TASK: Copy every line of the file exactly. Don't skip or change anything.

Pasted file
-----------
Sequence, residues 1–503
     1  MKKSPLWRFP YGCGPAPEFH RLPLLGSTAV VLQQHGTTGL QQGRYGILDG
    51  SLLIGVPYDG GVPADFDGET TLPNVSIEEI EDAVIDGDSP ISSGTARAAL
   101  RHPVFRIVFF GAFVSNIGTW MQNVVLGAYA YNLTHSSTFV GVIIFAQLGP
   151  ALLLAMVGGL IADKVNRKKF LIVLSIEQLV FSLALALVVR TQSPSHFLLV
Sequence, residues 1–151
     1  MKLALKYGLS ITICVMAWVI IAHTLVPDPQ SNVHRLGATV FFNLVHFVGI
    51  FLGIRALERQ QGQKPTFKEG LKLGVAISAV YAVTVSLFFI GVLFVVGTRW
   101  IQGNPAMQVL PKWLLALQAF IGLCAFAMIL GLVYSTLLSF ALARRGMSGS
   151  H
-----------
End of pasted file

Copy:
Sequence, residues 1–503
     1  MKKSPLWRFP YGCGPAPEFH RLPLLGSTAV VLQQHGTTGL QQGRYGILDG
    51  SLLIGVPYDG GVPADFDGET TLPNVSIEEI EDAVIDGDSP ISSGTARAAL
   101  RHPVFRIVFF GAFVSNIGTW MQNVVLGAYA YNLTHSSTFV GVIIFAQLGP
   151  ALLLAMVGGL IADKVNRKKF LIVLSIEQLV FSLALALVVR TQSPSHFLLV
Sequence, residues 1–151
     1  MKLALKYGLS ITICVMAWVI IAHTLVPDPQ SNVHRLGATV FFNLVHFVGI
    51  FLGIRALERQ QGQKPTFKEG LKLGVAISAV YAVTVSLFFI GVLFVVGTRW
   101  IQGNPAMQVL PKWLLALQAF IGLCAFAMIL GLVYSTLLSF ALARRGMSGS
   151  H